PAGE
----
When Jen Pelka moved to New York some 15 years ago, a recent college graduate who was working at the hedge fund D. E. Shaw, Champagne to her embodied the big-city-bright-lights lifestyle she associated with Manhattan. She and her friends were regulars at the now-closed Schiller’s, where they would walk in and the bartender would put a bottle of prosecco atop the bar, rarely with an accompanying bill.
“To me, it just really represented glamour and fun,” Pelka says of sparkling wine. “At that time, it was more about the feeling of it than any sort of serious study around it. And to me, it’s the sort of thing where if you have a bottle of sparkling wine on a Tuesday night, it automatically feels pretty good.”
The passion found its way into serious study, and Pelka is now the owner of two Champagne bars, called The Riddler: one in San Francisco, which opened in January 2017, and the second in Manhattan’s West Village, which opens this week.
Pelka loves Champagne — it’s hard to imagine someone speaking more enthusiastically about bubbly than she does — and she wants her customers to experience the special quality it brings to any night, whether a special occasion or an average Tuesday, like the ones she had back in her early twenties.
“To me, the ideal night out would be going out with somebody or dining at the bar alone, but ideally a date with my husband, crush a dozen oysters and a burger and fries and a bottle or two of Champagne,” she says. “That’s perfect.”
Pelka lived in New York for 10 years before moving to San Francisco five years ago for her husband’s job (a fellow restaurateur, he runs five Greek restaurants in the Bay Area called Souvla). The Riddler is San Francisco’s only Champagne bar. In New York, Pelka joins a small group, including Ari’s Champagne Bar, also in the West Village. She says the appetite for Champagne bars has changed since the early 2000s, when several places popped up but were more for a heavy night out.
“They were all very clubby. They were the kind of places where you could go and get bottle service and they’d bring out a bottle of Cristal with a sparkler in it, and it was really truly a club, with a huge Champagne list,” she says. “So obviously that’s not what we are. I mean, I think of us really as like a European-style café that has a killer, killer Champagne list.”
The New York location will have a deeper reserve list than its West Coast sibling, “because I think there’s a little bit more of an appetite for reserve wines here than there is in San Francisco,” Pelka says. “People drink off of that list regularly, but I feel like every restaurant I go into in New York I look around and people are really balling.”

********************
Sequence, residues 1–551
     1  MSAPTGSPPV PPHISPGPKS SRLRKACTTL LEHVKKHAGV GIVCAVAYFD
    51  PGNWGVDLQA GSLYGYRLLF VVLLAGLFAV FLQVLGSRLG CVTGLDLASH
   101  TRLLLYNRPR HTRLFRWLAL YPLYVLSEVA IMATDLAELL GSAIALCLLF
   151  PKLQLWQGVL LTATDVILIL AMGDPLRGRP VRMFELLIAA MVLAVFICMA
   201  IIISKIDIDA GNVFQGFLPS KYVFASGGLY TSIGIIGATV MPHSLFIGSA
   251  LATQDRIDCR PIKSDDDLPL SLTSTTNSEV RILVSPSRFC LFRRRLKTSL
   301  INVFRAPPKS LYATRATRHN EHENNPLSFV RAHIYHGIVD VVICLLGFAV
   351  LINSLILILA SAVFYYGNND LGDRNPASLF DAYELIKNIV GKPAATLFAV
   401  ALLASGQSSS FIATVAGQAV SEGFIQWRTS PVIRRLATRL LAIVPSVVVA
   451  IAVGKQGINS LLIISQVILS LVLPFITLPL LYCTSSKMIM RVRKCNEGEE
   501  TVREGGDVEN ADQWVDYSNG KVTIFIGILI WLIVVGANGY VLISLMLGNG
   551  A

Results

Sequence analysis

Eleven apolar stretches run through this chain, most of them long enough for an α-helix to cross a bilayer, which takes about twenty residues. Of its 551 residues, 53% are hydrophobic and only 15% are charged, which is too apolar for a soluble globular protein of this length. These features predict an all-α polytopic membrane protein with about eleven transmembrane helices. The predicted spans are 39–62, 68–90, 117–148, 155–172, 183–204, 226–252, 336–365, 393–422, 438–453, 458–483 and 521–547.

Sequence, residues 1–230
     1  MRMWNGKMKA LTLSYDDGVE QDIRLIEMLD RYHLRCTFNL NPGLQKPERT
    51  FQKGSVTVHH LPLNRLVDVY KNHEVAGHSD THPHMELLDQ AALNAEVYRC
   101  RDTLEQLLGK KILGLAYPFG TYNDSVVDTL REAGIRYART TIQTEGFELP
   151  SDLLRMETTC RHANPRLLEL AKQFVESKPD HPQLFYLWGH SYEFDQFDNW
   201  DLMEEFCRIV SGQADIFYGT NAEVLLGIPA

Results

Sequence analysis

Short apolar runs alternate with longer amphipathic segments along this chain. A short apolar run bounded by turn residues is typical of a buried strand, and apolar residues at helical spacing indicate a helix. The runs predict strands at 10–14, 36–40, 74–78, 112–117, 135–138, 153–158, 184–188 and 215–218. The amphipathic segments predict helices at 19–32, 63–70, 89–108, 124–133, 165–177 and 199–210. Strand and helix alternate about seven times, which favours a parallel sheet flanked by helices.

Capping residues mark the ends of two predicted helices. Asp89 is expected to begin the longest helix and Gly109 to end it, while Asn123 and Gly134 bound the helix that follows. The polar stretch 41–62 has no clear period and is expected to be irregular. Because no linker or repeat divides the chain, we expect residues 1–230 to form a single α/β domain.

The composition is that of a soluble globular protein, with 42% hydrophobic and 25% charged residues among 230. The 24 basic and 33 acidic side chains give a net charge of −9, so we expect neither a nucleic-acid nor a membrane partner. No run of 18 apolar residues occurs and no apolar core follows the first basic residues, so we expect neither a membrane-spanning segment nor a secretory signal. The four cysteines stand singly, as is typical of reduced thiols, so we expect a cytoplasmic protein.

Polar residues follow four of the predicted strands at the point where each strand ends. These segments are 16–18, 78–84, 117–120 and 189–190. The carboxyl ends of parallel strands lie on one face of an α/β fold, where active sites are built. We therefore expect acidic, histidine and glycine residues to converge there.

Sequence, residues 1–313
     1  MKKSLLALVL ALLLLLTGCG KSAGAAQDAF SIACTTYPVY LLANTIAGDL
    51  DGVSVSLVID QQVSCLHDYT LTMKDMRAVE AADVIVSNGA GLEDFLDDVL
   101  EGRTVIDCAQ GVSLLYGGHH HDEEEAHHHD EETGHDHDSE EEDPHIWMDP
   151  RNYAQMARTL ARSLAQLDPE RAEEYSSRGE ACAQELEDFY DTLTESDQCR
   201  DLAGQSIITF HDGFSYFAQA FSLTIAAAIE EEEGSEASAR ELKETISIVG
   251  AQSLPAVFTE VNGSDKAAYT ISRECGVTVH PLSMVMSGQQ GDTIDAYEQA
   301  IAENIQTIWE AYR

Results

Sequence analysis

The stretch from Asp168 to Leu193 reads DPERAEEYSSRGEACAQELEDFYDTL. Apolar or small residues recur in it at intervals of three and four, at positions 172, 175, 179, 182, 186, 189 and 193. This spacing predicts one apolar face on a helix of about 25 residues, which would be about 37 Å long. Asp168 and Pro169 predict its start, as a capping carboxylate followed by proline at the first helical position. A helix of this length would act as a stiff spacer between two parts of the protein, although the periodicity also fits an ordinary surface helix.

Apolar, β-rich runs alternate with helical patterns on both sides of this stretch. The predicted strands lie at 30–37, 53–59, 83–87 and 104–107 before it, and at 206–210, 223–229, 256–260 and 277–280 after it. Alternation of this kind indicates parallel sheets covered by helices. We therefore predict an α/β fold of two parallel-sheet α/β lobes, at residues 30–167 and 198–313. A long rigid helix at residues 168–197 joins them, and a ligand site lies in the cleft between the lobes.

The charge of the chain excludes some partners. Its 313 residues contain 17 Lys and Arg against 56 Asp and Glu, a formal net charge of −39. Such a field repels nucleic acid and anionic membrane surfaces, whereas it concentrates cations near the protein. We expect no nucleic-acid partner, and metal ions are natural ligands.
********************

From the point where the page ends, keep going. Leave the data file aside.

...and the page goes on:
While the San Francisco Riddler is small, limited in menu capabilities by the absence of a proper kitchen, the West Village location is a proper restaurant with a full kitchen, turning out bistro fare in Pelka’s beloved high-low mix.
“Especially because Champagne can be so intimidating to people, I think it’s really fun to pair Champagnes with comfort foods that we all know and love,” Pelka says.
That breaks down into high-end French cheeses, charcuterie, caviar, oysters, and a dark chocolate pot de crème, alongside chicken fingers and fries, popcorn at every table, a burger, and an icebox cake made from Tate’s cookies.
Pelka, who grew up in Florida, studied philosophy at Stanford before moving to New York, working on weekends for Daniel Boulud cooking in the kitchen at Daniel. Growing up, her father’s family owned diners and delis in New Jersey, which is where she caught the restaurant bug.
“[My parents] told me the only thing I couldn’t major in was philosophy, and the only thing I couldn’t do is open restaurants because it’s crazy. I’m not very rebellious, but on those two things I did not take their advice.”
In addition to the Riddler, Pelka runs the San Francisco-based food public relations firm Magnum PR, and this fall she and her brother will launch their own wine label, called Une Femme, partnering with only female wine makers and packaged in labels that they’ve loosely referenced off of Chanel’s.
“I think especially for women who, they buy Aesop, they have their Chanel handbags, they’ve got like brands that they really care about. And a lot of them, Champagne is their drink, but they don’t necessarily have a brand that is really speaking to them, and so that’s what we wanted to build,” she says about developing her line. A percentage of the proceeds will benefit the organization Dress For Success.
The Riddler will open Monday with over 150 bottles of Champagne varieties (with a few wines and one beer, “the Champagne of Beers,” Miller High Life) — and the list will only grow over time.
“Yeah, you’ll be able to drink through hundreds of different kinds of Champagnes,” Pelka says.